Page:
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Uk Hotel Sector Resilient Despite July Incidents

PricewaterhouseCoopers Reports

Latest Forecasts For London, Birmingham, Manchester, Edinburgh And Provinces

PricewaterhouseCoopers latest “Hospitality Directions - Europe Edition” UK hotel sector forecast indicates that the summer’s terrorist attacks on London have slowed overall UK hotel demand, but probably only in the short-term.
The forecast predicts slower growth, not an end to growth

PricewaterhouseCoopers expects the impact to be short-lived and concentrated mainly in London. So far, the sector still seems to be resilient to the consumer downturn impacting high street retailers and the general economic slowdown. With hotel industry performance directly related to the economy’s business cycle, continued economic growth, albeit slower, should support continued hotel demand growth.

July’s events have affected demand for both overseas and domestic travel in London and as a consequence demand for hotel accommodation, making the task of achieving previous year’s real RevPAR peaks more difficult.

PricewaterhouseCoopers has developed new improved econometric forecasts for the UK hotel sector for the three years to 2005 to 2007 and has initiated wider UK city coverage, including city-specific forecasts for Edinburgh, Birmingham and Manchester.


Liz Hall, Head of Research and editor of “Hospitality Directions - Europe Edition,” PricewaterhouseCoopers comments: “Our September forecast for the UK expects 3.3 per cent RevPAR growth in 2005 and a further 3.3 per cent in 2006, with a gain of 4.0 per cent in 2007. This growth will be driven primarily by room rate growth. Not bad at all, under the circumstances, although not as exciting as the 7.9 per cent and 6.5 per cent growth we expected back in our May forecast for 2005 and 2006.”

Robert Milburn, UK Hospitality & Leisure Leader, PricewaterhouseCoopers commented:
“While the sector is still growing, the pressure is on operators to keep customers happy and to operate even more efficiently. Although hotels and restaurants have (so far) been more resilient than some other sectors, analysts are speculating whether the consumer downturn may be spreading to the service sector.”


For London, despite the short term problems, PricewaterhouseCoopers anticipates 2.5 per cent RevPAR growth in 2005 and a further 2.6 per cent in 2006, with a gain of 3.9 per cent in 2007. Average room rates should top the £100 mark again in 2006. However occupancies, which are already much higher than many other European and UK cities, are expected to show only marginal growth and are likely to linger in the high 70’s.

This forecast represents a substantial downward revision from the last forecast in May 2005 of RevPAR growth of 10.3 per cent and 8.6 per cent for 2005 and 2006 respectively.

Manchester is forecasting above average RevPAR growth for 2005 of 5.9 per cent, slipping slightly to 5.4 per cent in 2006 but increasing to 6.1 per cent in 2007.
Birmingham suffers from a weaker economic environment and relies heavily on lower-rate conference and meetings business. The forecast reflects this with RevPAR growth of 1.7 per cent in 2005, 2.7 per cent in 2006 and further growth of 2.6 per cent in 2007, slightly below our forecast for UK and the Provinces.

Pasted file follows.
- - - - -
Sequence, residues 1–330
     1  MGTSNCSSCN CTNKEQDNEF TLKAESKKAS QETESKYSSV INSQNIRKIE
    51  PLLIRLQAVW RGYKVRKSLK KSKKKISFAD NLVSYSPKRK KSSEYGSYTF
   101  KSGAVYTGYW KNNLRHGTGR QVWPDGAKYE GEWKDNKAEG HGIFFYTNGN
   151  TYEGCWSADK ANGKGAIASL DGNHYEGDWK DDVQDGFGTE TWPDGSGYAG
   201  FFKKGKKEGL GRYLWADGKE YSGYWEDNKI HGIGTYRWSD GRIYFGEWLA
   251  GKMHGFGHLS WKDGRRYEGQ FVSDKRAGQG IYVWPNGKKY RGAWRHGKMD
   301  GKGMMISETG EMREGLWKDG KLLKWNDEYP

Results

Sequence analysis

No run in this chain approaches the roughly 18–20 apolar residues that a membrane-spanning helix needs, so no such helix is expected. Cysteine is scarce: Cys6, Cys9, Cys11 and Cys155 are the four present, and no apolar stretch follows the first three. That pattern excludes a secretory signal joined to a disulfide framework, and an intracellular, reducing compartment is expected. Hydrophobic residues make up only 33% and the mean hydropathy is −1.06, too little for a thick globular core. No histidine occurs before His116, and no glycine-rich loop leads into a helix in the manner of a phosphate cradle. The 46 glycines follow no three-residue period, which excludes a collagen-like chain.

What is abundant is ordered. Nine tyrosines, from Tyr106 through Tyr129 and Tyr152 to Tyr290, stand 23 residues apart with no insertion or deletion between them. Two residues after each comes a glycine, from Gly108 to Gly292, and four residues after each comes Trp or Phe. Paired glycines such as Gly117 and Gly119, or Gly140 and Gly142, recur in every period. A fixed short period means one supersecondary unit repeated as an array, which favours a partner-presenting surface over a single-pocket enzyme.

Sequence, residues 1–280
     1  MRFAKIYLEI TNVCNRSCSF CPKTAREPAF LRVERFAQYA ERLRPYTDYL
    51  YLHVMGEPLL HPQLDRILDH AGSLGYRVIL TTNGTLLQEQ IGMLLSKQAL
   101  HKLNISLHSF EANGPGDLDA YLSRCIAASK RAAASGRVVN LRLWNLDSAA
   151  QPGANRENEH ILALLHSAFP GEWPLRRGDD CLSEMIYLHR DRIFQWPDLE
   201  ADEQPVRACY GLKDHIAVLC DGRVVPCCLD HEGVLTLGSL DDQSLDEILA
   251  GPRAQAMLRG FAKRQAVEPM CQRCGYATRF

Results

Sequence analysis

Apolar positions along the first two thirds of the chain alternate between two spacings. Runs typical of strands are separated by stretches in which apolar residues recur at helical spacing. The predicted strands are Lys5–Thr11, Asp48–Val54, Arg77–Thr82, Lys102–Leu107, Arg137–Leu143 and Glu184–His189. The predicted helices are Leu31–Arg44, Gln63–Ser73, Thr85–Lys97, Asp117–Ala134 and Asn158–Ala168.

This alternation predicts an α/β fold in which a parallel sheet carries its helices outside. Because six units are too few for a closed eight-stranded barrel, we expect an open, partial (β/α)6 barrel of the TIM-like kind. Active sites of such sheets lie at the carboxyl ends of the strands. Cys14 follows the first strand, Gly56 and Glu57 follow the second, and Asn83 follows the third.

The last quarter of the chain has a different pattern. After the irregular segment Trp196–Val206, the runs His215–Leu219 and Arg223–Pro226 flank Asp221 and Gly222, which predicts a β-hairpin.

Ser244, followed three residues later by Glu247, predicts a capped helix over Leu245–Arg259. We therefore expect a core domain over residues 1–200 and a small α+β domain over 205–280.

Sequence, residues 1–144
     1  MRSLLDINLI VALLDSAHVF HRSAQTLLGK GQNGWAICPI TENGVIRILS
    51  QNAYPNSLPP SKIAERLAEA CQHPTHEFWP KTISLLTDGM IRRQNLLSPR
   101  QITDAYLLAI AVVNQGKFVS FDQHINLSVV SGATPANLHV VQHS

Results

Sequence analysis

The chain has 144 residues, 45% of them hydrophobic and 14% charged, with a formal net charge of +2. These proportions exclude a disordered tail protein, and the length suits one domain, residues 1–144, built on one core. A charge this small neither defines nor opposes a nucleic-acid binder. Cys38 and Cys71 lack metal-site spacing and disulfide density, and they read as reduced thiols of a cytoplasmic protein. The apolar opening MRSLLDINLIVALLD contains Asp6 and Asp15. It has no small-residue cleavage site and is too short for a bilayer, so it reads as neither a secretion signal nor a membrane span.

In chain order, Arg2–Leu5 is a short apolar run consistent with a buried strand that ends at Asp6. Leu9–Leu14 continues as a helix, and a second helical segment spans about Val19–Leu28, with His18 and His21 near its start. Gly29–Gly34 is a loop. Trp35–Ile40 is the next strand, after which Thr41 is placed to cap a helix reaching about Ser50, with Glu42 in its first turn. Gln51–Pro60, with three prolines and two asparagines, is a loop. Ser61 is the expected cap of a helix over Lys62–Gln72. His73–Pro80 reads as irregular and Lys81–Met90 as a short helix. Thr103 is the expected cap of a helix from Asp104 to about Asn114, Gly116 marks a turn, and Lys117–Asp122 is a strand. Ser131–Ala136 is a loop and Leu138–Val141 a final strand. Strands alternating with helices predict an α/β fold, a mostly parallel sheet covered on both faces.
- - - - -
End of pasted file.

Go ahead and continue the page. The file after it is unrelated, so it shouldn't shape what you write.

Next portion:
Edinburgh, with a good mix of high-end leisure and corporate business and some of the highest room yields in the country after London, forecasts RevPAR growth of 3.4 per cent in 2005, 3.3 per cent in 2006 and 2.7 per cent in 2007.

Reasonable RevPAR gains for the provinces of 4.5 per cent in 2005, further growth of 4.6 per cent in 2006 and 3.7 per cent in 2007 are forecast despite the uncertainty following the summer’s events and the effect of the economic slowdown on consumer expenditure.

Liz Hall, Head of Research and editor of “Hospitality Directions - Europe Edition,” PricewaterhouseCoopers added: “The forecast and the growth trend could be disrupted by a less favourable international environment and a more severe softening of UK economic growth as well as the fear of further terrorism attacks. There has been speculation that areas outside London may ‘benefit’ from the capital’s displaced travel, although as a major gateway city for the rest of the UK, this effect could be mitigated if travellers do not come at all.”

Revenue per available room (RevPAR) - is a key performance metric used in the hotel industry which reflects demand. It is calculated by multiplying a hotel’s average daily room rate (ADR) by its occupancy rate.

Hospitality Directions Forecast Alert - May 2005 is available electronically. Copies for the media are available from Rohan Hutchings, PricewaterhouseCoopers on +44 (0) 20 7804 7509 or [email protected]

The report charts hotel statistics for the UK, London, Birmingham, Manchester, Edinburgh and the Provinces. Please see chart (emailed as a separate PDF document) for full details.
Launched in January 2000, PricewaterhouseCoopers Hospitality Directions - Europe Edition is a biannual research journal, with quarterly forecast updates, offering original research on the European hotel industry. The journal draws on PricewaterhouseCoopers economic modelling skills and industry knowledge.